SPOILER ALERT: This story contains details of tonight’s episode of Gotham
EXCLUSIVE: In a move that many shows would have saved for a season finale, the Batman backstory series tonight laid some new tracks for the origins of the Caped Crusader’s archenemy. Having teased and toyed out the emergence of the Joker since the last half of Gotham’s first season, Monday’s third episode of the self-titled Rise Of The Villains second season of the Fox drama added a whole new twist into how the sadistic criminal mastermind came to be and who he really is.
In a way, it was all revealed less than halfway through the episode when Jerome’s father last words were to tell him, “Your legacy will be death and madness.”
As tonight’s mayhem-filled episode “The Last Laugh” revealed, the Joker isn’t the Cameron Monaghan-portrayed Jerome Valeska — at least not directly. Jerome now is dead, stabbed in front of the citizens and criminals of Gotham on live TV. But with a cult already growing around the chaos and casualties that Jerome and the rest of the Maniax escapees from Arkham Asylum brought to Gotham over the first two episodes and the deep-pocketed gala charity ball on tonight’s show, the Joker is coming.
Now working on the final episodes of the season, executive producer Bruno Heller spoke with me about this new take on The Joker’s origin and how it all weaves together. The Rome co-creator also discusses who may or may not be playing Batman’s deadliest foe, what other villains are coming in Season 2 and paying homage to the legacy of the Dark Knight.
DEADLINE: With the introduction of Jerome last season, even with his Joker-like tendencies, to put it gently, and the big attack on Ben McKenzie’s Jim Gordon from the audience at Comic-Con this summer, it seemed like you were teasing out tonight’s death and the cult that emerges from the very beginning. Why did you decide to throw in this twist, take the Joker in this new direction?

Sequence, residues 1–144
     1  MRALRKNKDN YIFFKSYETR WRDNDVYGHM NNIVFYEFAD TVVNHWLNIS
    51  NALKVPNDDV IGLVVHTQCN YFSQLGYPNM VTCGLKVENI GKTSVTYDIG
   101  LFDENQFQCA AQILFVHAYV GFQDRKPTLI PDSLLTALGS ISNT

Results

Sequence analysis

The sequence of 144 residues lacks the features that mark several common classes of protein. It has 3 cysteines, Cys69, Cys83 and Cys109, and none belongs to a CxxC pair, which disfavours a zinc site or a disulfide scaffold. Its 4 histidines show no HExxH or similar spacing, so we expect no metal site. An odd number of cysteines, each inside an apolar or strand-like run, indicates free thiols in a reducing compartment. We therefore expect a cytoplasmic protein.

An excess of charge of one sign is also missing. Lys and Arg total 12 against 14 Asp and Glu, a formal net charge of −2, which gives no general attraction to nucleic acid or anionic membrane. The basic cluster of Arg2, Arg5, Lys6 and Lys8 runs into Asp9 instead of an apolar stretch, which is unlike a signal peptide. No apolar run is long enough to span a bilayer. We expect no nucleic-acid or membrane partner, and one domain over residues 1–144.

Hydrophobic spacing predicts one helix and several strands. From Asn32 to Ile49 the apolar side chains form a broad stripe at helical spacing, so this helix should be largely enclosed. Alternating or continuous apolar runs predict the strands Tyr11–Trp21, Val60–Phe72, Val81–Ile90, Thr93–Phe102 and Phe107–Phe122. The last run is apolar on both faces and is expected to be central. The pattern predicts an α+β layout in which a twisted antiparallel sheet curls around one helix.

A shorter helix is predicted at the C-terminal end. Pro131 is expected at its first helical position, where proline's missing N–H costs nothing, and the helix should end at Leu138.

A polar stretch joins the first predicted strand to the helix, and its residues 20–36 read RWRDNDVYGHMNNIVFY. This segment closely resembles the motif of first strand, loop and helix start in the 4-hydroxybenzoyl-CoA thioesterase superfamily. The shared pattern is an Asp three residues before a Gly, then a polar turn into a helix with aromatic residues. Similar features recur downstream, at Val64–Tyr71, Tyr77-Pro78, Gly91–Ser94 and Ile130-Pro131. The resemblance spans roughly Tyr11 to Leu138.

HELLER: Because it’s a twist that leads to more twists. The creation of the Joker is a larger and more epic story than people realize, and this show is very much about kind of the deep, secret history. So, as the show rolls on, people will see how a mythology is born, how a kind of cultural mien is created that will lead us to the Joker himself.
When the Joker appears, he is an inevitable part of the history of Gotham. He’s not someone who created himself out of nothing. He’s part of a whole cultural history, a whole tradition. I know that sounds kind of highfalutin, but that’s what the twist is about.
DEADLINE: But the Joker is a character who has a pretty well established origin story from the early 1950s in Detective Comics. There’s been variations of that story, but essentially he was a criminal, sometimes called the Red Hood, who fell in a vat of near deadly chemicals and became the killer comedian. From what we saw in “The Last Laugh,” even after Jerome is killed and the duplicitous Theo Galavan emerges as a hero to Gotham, that backstory is out the window. Why?
HELLER: Well, because sometimes backstories are more complicated and interesting than, you know, falling into vat of toxic chemicals or being bitten by a spider. Like they say, nobody creates themselves out of whole cloth, whether it’s Elvis Presley, or you name it — Jesus. There’s a tradition in forebears and ancestors of those characters that went into creating them. So, to me, Jerome is genuinely the mother and father of the Joker. He is the seed of the Joker.
— Gotham (@Gotham) October 6, 2015
DEADLINE: So, with Season 2 heading into its last episodes of production, have you cast an actual Joker yet, or is that still in the cards?
HELLER: We have not cast an actual Joker yet.
DEADLINE: You know that a lot of shows would have used this big a twist on this big a character for a season ender. Why did you get this out there so early in this Rise Of The Villains season?